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Giant CRS grapples with revenue fall, seeks county help

March 24, 2012|By ARNOLD S. PLATOU | arnoldp@herald-mail.com
  • Number of ambulance calls.
Number of ambulance calls.

In Washington County’s world of emergency medical services, Community Rescue Service is the giant.

Two years ago in 2010, Hagerstown-based CRS had 12,153 runs — easily more than half the 20,066 calls handled by all eight of the county’s EMS companies, according to figures from the county Division of Emergency Services.

And last year, the demand for help from the volunteer-owned CRS jumped to nearly 13,000 calls.

All this comes at enormous cost — more than $3.5 million from July 2010 through June 2011, the company’s most complete budget year.

In large part, CRS has been handling the cost itself, rebounding from financial crisis seven years ago to a sizeable reserve now.

But in recent months, trouble has arisen again, forcing the company to ask the county government this month for financial help for at least the coming budget year.


Subsidies bring stability

In summer 2010, the county government began giving each of the EMS companies a special subsidy in recognition of the difficulties all have faced in attracting volunteers — at a time when the county wants to ensure emergency medical response is available 24/7 throughout the area.

In all, the county allocated $1.66 million for its special staffing subsidy, enabling the companies to hire full EMS staffs and pay them wages competitive enough to dim the luster of metro-area EMS salaries that had been luring many away.

For the county’s seven smaller EMS companies, the county’s special subsidy is based on the need to have at least one ambulance staffed and ready to go 24/7. The exact amount of aid depends on how much of that cost each company can pay after billing insurers and patients.

The county’s special subsidy for CRS is figured differently because its operations are so much larger than any of the others, according to Assistant CRS Chief Dave Hays.

But being the largest hasn’t meant it receives the highest subsidy.

Hays, who was on the county committee that recommended the subsidies, said the main aim especially was to help the smaller companies because most of them are so limited by their rural areas in terms of raising money.

“So what we’ve done with this EMS plan is stabilize and provide coverage,” Hays said.

Since the subsidy began in summer 2010, CRS has been receiving a special staffing subsidy of $300,000 a year. Sharpsburg Area Emergency Medical Service, which in 2010 had 658 calls — less than 6 percent of the CRS calls — is getting $309,235 a year.

Not only does CRS have a headquarters station off Eastern Boulevard, but it has substations in Hagerstown’s West End and in Maugansville. And it has 71 employees and about 90 volunteers.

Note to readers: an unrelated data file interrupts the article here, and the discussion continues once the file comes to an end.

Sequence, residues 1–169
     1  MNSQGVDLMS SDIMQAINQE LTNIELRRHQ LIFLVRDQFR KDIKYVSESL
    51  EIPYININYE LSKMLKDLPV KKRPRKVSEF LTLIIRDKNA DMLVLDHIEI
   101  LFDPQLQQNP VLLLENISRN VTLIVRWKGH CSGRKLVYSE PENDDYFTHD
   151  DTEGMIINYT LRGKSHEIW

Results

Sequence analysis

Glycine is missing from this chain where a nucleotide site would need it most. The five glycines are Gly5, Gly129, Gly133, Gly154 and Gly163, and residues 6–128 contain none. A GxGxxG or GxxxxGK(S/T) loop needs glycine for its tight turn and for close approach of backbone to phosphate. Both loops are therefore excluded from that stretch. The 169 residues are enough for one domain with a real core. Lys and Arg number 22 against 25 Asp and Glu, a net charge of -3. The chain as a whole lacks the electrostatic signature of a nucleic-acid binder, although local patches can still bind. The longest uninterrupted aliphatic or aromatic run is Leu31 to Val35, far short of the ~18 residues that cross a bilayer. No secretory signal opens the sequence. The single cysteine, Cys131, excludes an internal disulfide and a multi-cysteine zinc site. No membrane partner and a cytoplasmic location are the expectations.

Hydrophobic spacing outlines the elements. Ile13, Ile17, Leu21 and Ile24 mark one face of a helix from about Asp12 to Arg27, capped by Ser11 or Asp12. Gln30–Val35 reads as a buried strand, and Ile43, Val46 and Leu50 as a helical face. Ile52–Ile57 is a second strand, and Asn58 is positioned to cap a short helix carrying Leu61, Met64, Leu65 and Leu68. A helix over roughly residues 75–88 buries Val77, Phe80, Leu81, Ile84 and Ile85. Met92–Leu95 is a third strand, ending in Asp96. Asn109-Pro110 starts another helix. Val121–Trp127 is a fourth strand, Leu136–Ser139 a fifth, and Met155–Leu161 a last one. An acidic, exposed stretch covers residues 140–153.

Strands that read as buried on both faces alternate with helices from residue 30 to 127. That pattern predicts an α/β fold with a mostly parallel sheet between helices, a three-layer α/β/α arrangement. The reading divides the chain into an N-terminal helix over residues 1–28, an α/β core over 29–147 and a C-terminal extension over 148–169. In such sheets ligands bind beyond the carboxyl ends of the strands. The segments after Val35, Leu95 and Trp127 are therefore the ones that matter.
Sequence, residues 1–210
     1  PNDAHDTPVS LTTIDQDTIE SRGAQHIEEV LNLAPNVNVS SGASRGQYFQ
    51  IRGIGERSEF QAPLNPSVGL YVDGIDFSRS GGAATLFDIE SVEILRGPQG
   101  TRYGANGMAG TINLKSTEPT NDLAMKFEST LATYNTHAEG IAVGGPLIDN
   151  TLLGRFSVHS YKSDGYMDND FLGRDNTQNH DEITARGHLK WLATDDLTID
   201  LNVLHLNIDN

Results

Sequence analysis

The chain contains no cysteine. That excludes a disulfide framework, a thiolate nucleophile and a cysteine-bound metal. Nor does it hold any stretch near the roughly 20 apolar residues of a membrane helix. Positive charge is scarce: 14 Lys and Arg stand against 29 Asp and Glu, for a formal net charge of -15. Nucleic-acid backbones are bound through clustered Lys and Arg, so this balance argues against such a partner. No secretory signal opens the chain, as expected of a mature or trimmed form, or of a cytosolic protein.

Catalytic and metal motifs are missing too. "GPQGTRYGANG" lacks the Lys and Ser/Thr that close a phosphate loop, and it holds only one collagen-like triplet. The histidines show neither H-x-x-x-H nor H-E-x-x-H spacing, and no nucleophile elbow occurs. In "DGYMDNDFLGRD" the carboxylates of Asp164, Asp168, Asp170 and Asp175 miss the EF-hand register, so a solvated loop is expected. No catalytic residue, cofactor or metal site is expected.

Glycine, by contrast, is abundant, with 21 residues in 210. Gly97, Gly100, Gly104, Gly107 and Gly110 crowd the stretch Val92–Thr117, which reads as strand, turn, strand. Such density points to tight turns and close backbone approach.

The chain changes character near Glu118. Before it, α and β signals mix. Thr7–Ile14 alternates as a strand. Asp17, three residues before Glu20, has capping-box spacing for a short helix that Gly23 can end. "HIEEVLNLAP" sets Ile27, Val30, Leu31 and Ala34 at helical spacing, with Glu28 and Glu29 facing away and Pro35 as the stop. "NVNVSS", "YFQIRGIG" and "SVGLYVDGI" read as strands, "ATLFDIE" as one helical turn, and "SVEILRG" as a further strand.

“You can’t consider all of our billing revenue as going into salaries because of the overhead of having seven, eight ambulances, and a lot of buildings. All those things add up to a lot of money,” Hays said.

The 12,153 calls on which CRS ran during 2010 kept CRS so busy it needed at least four ambulance crews ready to go at any moment, based on national standards.


Revenue dropping

By early 2011, the demand on CRS for ambulance service still was rising and CRS hired enough additional people to provide a fifth ambulance crew during the daytime at its Eastern Boulevard station.

It bore that additional expense itself, but as early as last May and then solidly through the winter of 2011, “we saw a change in our net billing revenue to the negative,” Hays said.

The money it got back from billing began dropping by $10,000 a month and that has continued, he said.

Company officials don’t know whether that’s because the unemployment rate is still high and fewer workers have health insurance, he said.

“With that, we were not able to continue the staffing for that (fifth) daytime unit,” he said, and CRS also has trimmed its budget in several other areas.

But the demand for services is still there.

In 2011, CRS ran 12,970 calls — a 6.7 percent increase in one year, DES figures show. Overall, the demand on all eight EMS companies jumped by nearly as much, rising that year to 21,303 calls, which is a 6.1 percent increase.

So on March 13, the county Volunteer Fire and Rescue Association — at the request of CRS — and DES Director Kevin Lewis asked the County Commissioners to increase their special subsidy to CRS by $150,000, bringing its special staffing subsidy to $450,000. The increase would begin July 1 and continue through June 30, 2013, which is the 12 months of fiscal year 2013.

That would mean CRS could resume staffing a fifth ambulance during the daytime, Hays said.

He said that subsidy increase might only be needed for one year if the company’s billing revenues begin rising again.

“We are aggressively working on income in relation to billing,” he said.


Its own fleet

At present, CRS has seven ambulances. The extras are put into service often, when accidents or other emergenies happen, and more are needed.

And the extra ambulances replace others when they need to go out of service for maintenance.

CRS is buying two new ambulances, both of which are expected to arrive in April. One will replace an older ambulance that’s being retired and the other, because of increasing demand, is needed to expand the company’s fleet, Hays said.

In addition to the staffing subsidy, the county gives each EMS company a basic subsidy of $48,000 a year.

With three stations of its own, CRS gets $48,000 for its Eastern Boulevard headquarters and $48,000 more for its Maugansville substation. But so far, it receives nothing extra for the substation it opened in Hagerstown’s West End in 2010.